Capital Markets, Growth, and Economic Policy in Latin America

Capital Markets, Growth, and Economic Policy in Latin America

Capital Markets, Growth, and Economic Policy in Latin America

Capital Markets, Growth, and Economic Policy in Latin America


Looking at how Latin American countries have coped with the 1994 Mexican crisis and the debt crisis of the 1980s, this book reveals the full extent of what has come to be known as the "tequila effect." Written by distinguished economists and financiers from Latin America, the Caribbean, and the United States, Sthe volume also examines the social, political, and economic issues associated with ever-expanding trade and globalization. The opening chapters consider the impact of the Mexican crisis on Argentina, Colombia, and Venezuela and provide an interesting account of the events leading up to the crisis. The following section examines issues of economic growth by considering the need for a new growth strategy, comparing the Latin American and Asian economies, and looking at the Cuban economy from a trading partner's perspective. The final section takes an in-depth look at the complex issues of neoliberalist versus neopopulist thinking in shaping Latin America's economic policies.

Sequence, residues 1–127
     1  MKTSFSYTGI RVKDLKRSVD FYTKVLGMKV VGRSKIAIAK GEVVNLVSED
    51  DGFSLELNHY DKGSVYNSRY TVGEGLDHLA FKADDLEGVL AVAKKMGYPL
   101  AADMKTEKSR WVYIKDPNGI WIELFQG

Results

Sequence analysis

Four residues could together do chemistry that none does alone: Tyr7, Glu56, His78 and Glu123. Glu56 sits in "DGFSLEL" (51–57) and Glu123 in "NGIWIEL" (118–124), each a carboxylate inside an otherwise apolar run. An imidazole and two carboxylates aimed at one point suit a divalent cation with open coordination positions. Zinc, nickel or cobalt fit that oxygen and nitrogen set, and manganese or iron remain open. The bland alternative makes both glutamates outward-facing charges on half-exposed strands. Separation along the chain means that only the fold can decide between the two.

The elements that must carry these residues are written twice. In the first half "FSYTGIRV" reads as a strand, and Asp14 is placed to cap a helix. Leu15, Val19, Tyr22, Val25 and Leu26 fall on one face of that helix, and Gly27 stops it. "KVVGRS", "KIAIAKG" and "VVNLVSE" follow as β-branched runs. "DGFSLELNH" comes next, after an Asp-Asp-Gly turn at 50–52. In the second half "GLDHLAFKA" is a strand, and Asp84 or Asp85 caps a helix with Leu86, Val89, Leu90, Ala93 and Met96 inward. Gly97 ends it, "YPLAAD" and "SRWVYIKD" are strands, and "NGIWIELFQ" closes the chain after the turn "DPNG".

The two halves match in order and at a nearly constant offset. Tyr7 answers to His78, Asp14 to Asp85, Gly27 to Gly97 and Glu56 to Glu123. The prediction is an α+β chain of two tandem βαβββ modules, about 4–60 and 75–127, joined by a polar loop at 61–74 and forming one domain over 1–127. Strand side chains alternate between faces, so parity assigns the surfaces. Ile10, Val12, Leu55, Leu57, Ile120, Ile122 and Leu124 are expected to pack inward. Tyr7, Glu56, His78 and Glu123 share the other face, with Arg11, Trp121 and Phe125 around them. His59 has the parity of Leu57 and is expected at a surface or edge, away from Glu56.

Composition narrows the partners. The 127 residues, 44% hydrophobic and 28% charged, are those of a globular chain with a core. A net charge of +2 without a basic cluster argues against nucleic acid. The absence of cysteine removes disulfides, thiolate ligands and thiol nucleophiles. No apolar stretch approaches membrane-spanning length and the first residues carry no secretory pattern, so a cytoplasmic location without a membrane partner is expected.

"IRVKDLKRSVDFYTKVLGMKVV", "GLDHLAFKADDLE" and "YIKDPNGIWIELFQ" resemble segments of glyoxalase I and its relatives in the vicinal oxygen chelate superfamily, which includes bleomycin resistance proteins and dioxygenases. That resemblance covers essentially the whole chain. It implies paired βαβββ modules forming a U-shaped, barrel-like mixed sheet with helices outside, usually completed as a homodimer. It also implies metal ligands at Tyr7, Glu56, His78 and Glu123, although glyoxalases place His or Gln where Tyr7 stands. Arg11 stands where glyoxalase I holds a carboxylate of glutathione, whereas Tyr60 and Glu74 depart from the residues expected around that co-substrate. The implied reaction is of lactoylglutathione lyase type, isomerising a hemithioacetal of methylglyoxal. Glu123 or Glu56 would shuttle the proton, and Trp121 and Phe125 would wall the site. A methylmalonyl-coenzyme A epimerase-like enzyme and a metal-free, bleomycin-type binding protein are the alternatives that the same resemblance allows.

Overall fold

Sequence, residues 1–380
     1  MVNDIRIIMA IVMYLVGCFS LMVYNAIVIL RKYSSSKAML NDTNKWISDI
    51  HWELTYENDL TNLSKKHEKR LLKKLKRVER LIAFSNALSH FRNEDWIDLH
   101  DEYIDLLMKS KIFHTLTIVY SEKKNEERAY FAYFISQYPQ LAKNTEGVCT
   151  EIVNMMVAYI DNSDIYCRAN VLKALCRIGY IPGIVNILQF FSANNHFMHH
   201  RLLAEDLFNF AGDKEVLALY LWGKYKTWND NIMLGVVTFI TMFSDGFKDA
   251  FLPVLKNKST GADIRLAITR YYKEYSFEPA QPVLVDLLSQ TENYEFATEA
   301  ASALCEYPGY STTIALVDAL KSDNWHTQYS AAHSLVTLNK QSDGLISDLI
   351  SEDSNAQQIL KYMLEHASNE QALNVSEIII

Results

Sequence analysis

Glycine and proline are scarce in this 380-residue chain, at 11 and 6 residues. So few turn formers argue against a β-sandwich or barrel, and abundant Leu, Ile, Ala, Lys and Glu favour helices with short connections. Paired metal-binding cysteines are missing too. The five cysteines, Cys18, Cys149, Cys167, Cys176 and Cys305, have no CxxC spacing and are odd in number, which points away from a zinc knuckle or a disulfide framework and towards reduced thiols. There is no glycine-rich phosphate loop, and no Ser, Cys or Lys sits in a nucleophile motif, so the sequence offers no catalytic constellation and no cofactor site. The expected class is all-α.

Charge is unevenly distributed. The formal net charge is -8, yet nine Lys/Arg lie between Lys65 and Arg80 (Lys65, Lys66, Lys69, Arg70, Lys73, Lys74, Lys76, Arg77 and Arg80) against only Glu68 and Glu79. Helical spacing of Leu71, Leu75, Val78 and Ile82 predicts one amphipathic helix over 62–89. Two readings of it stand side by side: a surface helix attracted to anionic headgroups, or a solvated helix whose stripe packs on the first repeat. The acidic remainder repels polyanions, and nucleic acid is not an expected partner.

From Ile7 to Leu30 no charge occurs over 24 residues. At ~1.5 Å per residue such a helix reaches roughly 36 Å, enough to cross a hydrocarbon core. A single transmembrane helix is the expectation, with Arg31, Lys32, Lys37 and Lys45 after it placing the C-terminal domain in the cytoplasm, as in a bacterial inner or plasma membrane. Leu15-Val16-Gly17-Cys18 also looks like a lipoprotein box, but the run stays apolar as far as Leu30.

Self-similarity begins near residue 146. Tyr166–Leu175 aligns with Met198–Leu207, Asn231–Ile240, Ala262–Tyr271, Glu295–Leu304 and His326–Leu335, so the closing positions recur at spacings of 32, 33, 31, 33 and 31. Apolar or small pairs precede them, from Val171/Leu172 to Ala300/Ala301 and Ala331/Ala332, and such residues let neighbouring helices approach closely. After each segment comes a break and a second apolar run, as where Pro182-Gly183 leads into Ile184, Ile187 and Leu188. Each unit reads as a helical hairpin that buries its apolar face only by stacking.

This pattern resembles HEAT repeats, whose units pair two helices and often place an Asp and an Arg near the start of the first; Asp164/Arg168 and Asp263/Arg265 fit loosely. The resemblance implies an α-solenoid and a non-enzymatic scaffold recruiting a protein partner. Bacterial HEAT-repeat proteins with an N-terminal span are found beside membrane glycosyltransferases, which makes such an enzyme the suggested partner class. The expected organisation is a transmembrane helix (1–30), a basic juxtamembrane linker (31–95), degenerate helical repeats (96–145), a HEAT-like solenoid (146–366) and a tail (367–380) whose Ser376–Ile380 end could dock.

Since the end of World War II, the importance of trade, capital movements, and monetary transactions, relative to global output, has increased by leaps and bounds. the cohesiveness and interdependence of the world economy has been advancing pari passu with the sustained improvements of the means of communication, transportation, and information technology in all its diverse facets. To these material causal agents of globalization one must add the influence exerted by other intangible forces of great importance, such as politico ideological and purely economic ones.

At present, domestic or endogenous processes of modernization, growth, and development are inextricably linked with exogenous institutions and events of a transnational nature. Never were the words of Alfred Marshall--when referring to international trade as an engine of growth--more true than today.

However, globalization, or its concrete manifestation as a dense and complex system of international economic and financial interrelations, carries with it many subsidiary or secondary effects which we are only beginning to explore.

Topics in a large variety of interfacing areas in diverse fields, such as the international economy, money and finance, and the role of corresponding international and domestic institutions, will be at the forefront of the research agenda in both pure economics and political economy for years to come.

This present volume aspires to be among the initial contributions to an interdisciplinary area of momentous import to the welfare of individual nations, and regions, as well as to the course of the world economy itself. the chapters in this book were selected following two criteria. Some address general themes and issues of wider interest and application, while others circumscribe to the concrete conditions and characteristics of specific cases. We hope to have attained a good balance between the two. One that while keeping an eye on systemic and recurrent points will also not lose sight of actual events and real outcomes.

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